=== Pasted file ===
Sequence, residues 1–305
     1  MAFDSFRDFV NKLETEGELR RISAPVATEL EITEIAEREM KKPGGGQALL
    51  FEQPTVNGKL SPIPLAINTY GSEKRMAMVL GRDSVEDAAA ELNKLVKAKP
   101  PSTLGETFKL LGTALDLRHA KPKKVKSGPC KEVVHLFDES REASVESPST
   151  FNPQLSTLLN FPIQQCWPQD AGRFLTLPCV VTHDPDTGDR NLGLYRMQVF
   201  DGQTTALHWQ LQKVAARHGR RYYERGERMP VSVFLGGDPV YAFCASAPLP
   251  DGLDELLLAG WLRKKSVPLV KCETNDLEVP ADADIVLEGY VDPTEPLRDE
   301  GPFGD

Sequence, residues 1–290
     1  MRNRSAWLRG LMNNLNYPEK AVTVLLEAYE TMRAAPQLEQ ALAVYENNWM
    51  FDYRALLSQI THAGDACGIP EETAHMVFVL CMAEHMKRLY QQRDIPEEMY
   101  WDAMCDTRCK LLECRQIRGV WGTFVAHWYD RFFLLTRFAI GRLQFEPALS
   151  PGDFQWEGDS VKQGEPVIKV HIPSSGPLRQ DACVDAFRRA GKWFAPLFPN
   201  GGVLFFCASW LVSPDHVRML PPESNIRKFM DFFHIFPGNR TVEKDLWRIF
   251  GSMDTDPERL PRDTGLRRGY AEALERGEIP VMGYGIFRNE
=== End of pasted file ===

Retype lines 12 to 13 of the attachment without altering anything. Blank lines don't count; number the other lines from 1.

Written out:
   101  WDAMCDTRCK LLECRQIRGV WGTFVAHWYD RFFLLTRFAI GRLQFEPALS
   151  PGDFQWEGDS VKQGEPVIKV HIPSSGPLRQ DACVDAFRRA GKWFAPLFPN